The new CEO of Unilever will be Alan Jope, replacing Paul Polman. That is eminently good news for anyone that is inspired by the ability of the private sector to take on social and environmental issues, a light of optimism in the face of the apparent inability or unwillingness of governments to generate robust creative solutions to societal problems.
It is amazing how the private sector has taken a meaningful, leadership role in combating the serious problems facing the world and its people utilizing their presence, flexibility, and applicable assets and skills. One of the leaders has been Paul Polman and Unilever and Jope, by all accounts, will assume the same leadership role.
The Unilever Sustainable Living Plan
Unilever is a shining light with their umbrella Unilever Sustainable Living Plan (USLP) launched in 2010 and its host of specific environmental goals involving its environmental footprint (the goal is to cut it in half), getting people access to safe water, increasing the use of renewable energy, and stopping all hazardous waste going to landfills.
In addition, social programs abound at Unilever. Consider the Dove programs to raise the self-esteem of girls and women and Lifebuoy’s program to get one billion people to change their hand-washing habits to reduce infant deaths throughout the world (they are half way toward the goal). Unilever is about much more than short-term financials.
The rationale as explained by CEO Paul Polman is fascinating. He notes that in part because of the limits of capitalism we have created an unsustainable set of problems which include global warming, resource depletion, and an increasing gap between the rich and poor; and that business should not sit on the sidelines, but instead be part of the solution. Unilever, under Polman, makes the needs of citizens and communities carry the same weight as the demands of shareholders.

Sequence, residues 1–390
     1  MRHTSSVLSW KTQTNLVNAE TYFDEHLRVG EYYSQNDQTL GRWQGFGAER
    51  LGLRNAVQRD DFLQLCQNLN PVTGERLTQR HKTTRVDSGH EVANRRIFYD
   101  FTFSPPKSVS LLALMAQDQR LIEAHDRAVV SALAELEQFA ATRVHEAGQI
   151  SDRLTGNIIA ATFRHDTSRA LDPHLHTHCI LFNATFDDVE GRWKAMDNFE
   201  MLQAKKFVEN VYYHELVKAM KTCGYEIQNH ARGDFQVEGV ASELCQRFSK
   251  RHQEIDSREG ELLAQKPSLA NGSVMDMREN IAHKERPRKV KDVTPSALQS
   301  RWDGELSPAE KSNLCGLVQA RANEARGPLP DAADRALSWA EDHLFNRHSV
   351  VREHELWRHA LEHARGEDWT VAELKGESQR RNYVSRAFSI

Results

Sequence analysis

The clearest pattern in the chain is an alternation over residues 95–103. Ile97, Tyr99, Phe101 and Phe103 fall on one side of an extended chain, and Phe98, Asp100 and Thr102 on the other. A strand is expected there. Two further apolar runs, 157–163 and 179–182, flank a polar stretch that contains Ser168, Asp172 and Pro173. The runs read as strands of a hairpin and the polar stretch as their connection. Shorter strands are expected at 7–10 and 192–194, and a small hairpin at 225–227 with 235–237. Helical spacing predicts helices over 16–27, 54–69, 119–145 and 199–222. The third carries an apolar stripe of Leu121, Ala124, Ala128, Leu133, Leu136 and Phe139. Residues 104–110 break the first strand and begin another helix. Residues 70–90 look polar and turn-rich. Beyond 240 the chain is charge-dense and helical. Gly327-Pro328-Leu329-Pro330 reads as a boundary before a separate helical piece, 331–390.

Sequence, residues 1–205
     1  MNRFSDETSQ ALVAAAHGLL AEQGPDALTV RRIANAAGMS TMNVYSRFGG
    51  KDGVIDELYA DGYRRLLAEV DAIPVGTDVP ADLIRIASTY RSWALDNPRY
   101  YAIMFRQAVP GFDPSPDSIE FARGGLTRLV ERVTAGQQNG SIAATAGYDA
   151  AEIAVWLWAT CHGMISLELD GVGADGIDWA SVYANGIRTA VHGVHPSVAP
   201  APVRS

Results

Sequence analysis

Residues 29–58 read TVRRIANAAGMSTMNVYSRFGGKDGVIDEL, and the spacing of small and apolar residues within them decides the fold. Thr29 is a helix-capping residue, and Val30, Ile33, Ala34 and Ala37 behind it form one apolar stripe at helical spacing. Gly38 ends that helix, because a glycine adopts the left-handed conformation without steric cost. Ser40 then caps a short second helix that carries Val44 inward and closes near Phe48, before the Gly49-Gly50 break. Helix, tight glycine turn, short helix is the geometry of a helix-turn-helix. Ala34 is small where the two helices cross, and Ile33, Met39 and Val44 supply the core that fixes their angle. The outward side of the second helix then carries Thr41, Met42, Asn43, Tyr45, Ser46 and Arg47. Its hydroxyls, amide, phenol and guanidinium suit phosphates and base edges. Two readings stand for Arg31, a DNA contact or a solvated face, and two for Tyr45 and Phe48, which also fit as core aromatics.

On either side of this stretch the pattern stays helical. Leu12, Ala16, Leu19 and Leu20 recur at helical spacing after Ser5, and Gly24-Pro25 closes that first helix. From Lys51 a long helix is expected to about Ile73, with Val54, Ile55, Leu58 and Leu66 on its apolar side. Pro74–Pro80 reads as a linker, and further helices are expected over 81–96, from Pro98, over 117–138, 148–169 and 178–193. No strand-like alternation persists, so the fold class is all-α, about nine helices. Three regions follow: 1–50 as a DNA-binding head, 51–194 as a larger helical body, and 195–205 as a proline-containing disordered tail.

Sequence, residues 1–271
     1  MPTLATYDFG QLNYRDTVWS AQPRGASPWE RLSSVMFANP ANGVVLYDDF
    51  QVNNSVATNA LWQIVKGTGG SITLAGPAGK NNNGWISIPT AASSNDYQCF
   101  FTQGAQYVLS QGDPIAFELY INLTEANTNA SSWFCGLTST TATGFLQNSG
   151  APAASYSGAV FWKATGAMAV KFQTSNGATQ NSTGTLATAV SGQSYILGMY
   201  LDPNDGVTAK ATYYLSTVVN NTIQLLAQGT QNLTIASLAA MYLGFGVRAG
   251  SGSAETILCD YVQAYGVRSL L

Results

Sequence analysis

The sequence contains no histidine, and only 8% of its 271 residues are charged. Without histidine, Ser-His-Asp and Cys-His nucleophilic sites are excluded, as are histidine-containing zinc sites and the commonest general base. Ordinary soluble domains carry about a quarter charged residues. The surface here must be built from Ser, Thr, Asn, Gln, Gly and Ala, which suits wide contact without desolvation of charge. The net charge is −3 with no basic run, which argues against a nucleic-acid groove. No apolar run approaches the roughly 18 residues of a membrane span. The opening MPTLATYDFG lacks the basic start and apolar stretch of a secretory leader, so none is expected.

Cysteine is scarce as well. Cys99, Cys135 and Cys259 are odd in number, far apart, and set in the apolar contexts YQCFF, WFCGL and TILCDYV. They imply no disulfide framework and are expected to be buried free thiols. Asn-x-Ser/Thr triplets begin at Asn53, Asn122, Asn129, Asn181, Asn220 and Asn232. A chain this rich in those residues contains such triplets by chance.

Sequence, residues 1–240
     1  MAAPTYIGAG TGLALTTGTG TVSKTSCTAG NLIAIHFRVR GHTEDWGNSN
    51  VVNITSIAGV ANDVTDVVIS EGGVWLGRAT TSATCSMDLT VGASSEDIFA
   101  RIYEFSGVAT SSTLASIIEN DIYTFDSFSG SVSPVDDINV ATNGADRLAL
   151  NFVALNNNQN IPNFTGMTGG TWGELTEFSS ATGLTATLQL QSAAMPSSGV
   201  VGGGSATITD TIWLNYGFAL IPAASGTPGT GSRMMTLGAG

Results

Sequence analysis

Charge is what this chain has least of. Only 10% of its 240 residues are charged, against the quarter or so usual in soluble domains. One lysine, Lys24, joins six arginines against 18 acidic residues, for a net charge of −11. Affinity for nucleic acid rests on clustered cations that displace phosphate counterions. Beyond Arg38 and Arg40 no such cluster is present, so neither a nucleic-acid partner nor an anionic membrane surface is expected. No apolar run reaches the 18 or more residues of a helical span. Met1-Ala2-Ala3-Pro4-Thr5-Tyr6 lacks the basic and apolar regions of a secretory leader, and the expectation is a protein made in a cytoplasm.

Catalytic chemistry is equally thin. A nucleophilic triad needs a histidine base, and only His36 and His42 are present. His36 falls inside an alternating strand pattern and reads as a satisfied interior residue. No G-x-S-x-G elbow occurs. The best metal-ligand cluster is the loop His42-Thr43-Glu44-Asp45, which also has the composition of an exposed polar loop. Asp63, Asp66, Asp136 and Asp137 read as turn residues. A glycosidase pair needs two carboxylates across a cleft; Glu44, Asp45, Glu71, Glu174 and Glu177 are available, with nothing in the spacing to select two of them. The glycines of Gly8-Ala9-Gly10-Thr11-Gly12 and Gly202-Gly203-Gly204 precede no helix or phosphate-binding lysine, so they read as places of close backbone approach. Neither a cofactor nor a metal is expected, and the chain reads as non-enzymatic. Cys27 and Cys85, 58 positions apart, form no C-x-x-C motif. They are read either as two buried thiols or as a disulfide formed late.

Polman argues that such actions will help business in the end. Better employees—especially millennials—will be attracted to this mission. Enough customers will respect and admire you to make a difference. Brands will get more visibility and energy, key determinants of long-term success. By raising the living standards of third world counties, new markets will open. The risk of catastrophic damage to the environmental, social, and economic framework in which we live will be reduced.
Unilever’s Performance Pressures
There are performance pressures facing Unilever, like other big brand consumer firms, that come from Amazon and other direct digital players, private label retail offers, discount chains, and cost pressures. In this context, Unilever fought off a $140 billion or so acquisition effort by Kraft-Heinz owned by the Brazilian private equity group 3G Capital whose strategy was summarized by Fortune as “Buy Squeeze Repeat.”
There was a choice to be made at Unilever between Polman’s social and environmental higher purpose or Milton Friedman’s admonition that the only social responsibility of business is to maximize profits. Unilever made the right choice.
Alan Jope, a long-term colleague of Polman, is one of the good guys. He has worked with Polman for environmental programs and all indications are that he will continue this philosophy.
It would have been tragic if Unilever had backed away from their leadership position relevant to the role of business in society and succumbed to the temptation to cut social or environmental programs to improve short-term financials. Thank goodness that did not happen.
Unilever will likely continue on the path of a long-term thought leader with their new CEO, Alan Jope. Learn more about Unilever as a leader in social programs and sustainability.